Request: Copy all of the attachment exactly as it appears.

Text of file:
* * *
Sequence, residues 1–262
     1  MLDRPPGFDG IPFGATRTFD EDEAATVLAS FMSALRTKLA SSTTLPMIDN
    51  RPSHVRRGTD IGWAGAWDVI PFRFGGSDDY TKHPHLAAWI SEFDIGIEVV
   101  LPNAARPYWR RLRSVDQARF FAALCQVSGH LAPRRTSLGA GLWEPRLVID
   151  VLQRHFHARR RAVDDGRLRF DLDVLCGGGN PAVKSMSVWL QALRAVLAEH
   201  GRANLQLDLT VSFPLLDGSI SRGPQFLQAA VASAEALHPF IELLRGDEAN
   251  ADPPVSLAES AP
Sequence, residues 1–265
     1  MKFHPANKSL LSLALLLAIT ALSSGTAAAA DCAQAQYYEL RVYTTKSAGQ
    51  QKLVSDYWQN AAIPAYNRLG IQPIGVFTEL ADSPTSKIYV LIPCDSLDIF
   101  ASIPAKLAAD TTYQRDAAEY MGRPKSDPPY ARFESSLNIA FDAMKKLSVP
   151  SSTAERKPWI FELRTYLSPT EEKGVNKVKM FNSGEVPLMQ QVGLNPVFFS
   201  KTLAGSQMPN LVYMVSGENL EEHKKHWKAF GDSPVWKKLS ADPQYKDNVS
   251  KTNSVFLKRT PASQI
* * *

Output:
Sequence, residues 1–262
     1  MLDRPPGFDG IPFGATRTFD EDEAATVLAS FMSALRTKLA SSTTLPMIDN
    51  RPSHVRRGTD IGWAGAWDVI PFRFGGSDDY TKHPHLAAWI SEFDIGIEVV
   101  LPNAARPYWR RLRSVDQARF FAALCQVSGH LAPRRTSLGA GLWEPRLVID
   151  VLQRHFHARR RAVDDGRLRF DLDVLCGGGN PAVKSMSVWL QALRAVLAEH
   201  GRANLQLDLT VSFPLLDGSI SRGPQFLQAA VASAEALHPF IELLRGDEAN
   251  ADPPVSLAES AP
Sequence, residues 1–265
     1  MKFHPANKSL LSLALLLAIT ALSSGTAAAA DCAQAQYYEL RVYTTKSAGQ
    51  QKLVSDYWQN AAIPAYNRLG IQPIGVFTEL ADSPTSKIYV LIPCDSLDIF
   101  ASIPAKLAAD TTYQRDAAEY MGRPKSDPPY ARFESSLNIA FDAMKKLSVP
   151  SSTAERKPWI FELRTYLSPT EEKGVNKVKM FNSGEVPLMQ QVGLNPVFFS
   201  KTLAGSQMPN LVYMVSGENL EEHKKHWKAF GDSPVWKKLS ADPQYKDNVS
   251  KTNSVFLKRT PASQI